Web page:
This week marks the anniversary of Loma Prieta, the most recent major earthquake to hit the Bay Area. If you lived here then, you likely haven’t forgotten where you were, or what happened to you, your family and your friends. Luckily, most houses in our area didn’t suffer major damage. Many people lost glassware, if the cupboard or china cabinet was unlucky enough to be on the wrong wall, but otherwise, not much happened that was bad for most of us. But, we must never ever forget that we live in earthquake country and one can strike at any instant. It’s up to you to take precautions for yourself, your family and your pets.
The Foster City Fire Department has produced the Pet Emergency Form above. Why don’t you print out and tape it to your front window to alert emergency workers that you have a pet in your home.
Tips for Pet Owners Before a Disaster
- If you have a dog, keep you pet’s ID tag up-to-date and make sure it is securely fastened to your pet’s collar.
- Make sure nothing is positioned so that it can fall on your pet.
- Arrange for a neighbor to take care of your pet if you are not able to get home after a disaster.
- Find out before a disaster which local hotels and motels allow pets and where pet boarding facilities are located. Be sure to include some outside our local area, in case local facilities are closed. Remember that most boarding facilities require veterinarian records to provide vaccination records are current, so keep these in a handy place.
- Be aware that pets will not be allowed at most locations for the sheltering of displaced people, so you may need to have a place to house your pet while you are at the shelter.
- Prepare a list of family, friends, boarding facilities, veterinarians and pet-friendly hotels that could shelter your pets in an emergency.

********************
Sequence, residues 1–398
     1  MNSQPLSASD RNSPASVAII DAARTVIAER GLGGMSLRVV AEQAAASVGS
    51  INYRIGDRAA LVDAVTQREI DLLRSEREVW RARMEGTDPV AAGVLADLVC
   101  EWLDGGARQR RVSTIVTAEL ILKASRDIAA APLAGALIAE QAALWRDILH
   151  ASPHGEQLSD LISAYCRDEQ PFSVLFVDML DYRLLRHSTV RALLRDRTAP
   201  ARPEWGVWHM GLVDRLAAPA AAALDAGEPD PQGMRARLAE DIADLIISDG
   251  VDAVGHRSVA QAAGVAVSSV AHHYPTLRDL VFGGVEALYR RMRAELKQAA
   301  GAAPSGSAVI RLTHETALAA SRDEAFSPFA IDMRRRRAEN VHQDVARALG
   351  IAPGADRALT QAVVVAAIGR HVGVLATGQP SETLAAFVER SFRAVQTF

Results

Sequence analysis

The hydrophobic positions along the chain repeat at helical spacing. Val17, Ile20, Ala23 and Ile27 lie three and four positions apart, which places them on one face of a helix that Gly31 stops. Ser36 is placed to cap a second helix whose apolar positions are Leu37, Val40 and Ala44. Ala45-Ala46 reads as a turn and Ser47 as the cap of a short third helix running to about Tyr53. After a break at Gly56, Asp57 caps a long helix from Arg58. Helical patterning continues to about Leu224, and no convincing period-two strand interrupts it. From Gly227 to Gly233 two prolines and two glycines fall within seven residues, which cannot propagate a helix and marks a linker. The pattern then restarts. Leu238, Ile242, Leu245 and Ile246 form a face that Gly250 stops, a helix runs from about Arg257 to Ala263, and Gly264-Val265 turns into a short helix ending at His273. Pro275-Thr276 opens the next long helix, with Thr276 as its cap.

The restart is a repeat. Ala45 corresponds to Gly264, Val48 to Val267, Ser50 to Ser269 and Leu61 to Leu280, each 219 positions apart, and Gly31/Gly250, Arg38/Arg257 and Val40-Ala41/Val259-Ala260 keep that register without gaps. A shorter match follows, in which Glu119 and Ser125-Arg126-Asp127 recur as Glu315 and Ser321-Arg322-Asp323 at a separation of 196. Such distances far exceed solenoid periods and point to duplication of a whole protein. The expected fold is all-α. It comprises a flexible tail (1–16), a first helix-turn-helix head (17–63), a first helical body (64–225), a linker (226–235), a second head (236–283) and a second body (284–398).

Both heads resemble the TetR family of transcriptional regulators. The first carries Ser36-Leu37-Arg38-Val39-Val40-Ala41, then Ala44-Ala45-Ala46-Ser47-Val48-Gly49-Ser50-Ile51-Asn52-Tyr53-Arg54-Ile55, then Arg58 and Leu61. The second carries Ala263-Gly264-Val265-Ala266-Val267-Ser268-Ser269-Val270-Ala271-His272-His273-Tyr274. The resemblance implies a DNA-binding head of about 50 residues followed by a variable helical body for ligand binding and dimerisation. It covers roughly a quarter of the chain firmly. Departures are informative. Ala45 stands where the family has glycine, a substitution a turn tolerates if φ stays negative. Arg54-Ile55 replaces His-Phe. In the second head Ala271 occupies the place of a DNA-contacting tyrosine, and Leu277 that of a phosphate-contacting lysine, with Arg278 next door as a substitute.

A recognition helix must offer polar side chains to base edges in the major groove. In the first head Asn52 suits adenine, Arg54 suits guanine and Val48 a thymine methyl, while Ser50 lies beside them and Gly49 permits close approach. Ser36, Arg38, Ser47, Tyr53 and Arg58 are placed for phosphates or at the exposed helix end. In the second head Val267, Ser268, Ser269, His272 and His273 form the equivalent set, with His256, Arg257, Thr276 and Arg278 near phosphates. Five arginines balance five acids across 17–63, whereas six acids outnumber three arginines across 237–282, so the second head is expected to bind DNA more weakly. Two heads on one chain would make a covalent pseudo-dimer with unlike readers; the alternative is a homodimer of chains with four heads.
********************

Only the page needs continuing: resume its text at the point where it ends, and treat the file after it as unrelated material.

- Prepare a shelter or evacuation kit for your pet, including an unbreakable dish, veterinarian records, a leash or pet carrier (for small dogs and cats) and medication with instructions.
During and After an Event
- Do not try to hold onto your pet during an earthquake. Animals will instinctively protect themselves and hide where they are safe. If you get in their way, even the nicest pets can turn on you.
- Be patient with your pets after a disaster. They get stressed just like people and need time to readjust. They may disappear for some time, but they generally show up again when things have calmed down.
- If you have outdoor pets, keep them indoors until any major after-shocks have subsided and your pet has calmed down.
- If you must evacuate your home, do not leave your pets behind. Listen to your local news sources for information on where you can go with your pets. Since Katrina, many shelters have learned how important it is to have space for pets.
Disaster Supply Checklist for Pets
Keep everything accessible and stored in sturdy containers that can easily be carried. Put food in containers. Have all veterinarian records with this, and put them into a duffel bag or covered trash container that is easy to grab and carry with you.
What should your disaster kit contain?
- Medications and medical records stored in a water-proof container and a first aid kit. A pet first aid book is also good to include.
- Sturdy leashes, harnesses, and carriers to transport pets safely, and to ensure that your pets can’t escape. Your carriers should be large enough for the animal to stand comfortably, turn around and lie down. Your pets may have to stay in the carrier for hours at a time while you have taken shelter away from home. Be sure to have a secure cage with no loose objects inside it to accommodate smaller pets. These may require blankets or towels for bedding and warmth, and other special items.
- Current photos and descriptions of your pets to help others identify them in case you and your pets become separated and to prove that they are yours.
- Food and water for at least three days for each pet, bowls, cat littler and little box and a manual cat opener, if needed.
- Information on feeding schedules, medical conditions, behavior problems, and the name and number of your veterinarian inn case you have to board your pets or place them in foster care.
- Pet beds and toys, if you can easily take them, to reduce stress.
- Other useful items include newspapers, paper towels, plastic trash bags, grooming items, and household bleach.
As I’ve written about earthquake safety before, it only takes a few minutes to you review what you can to for your own safety below.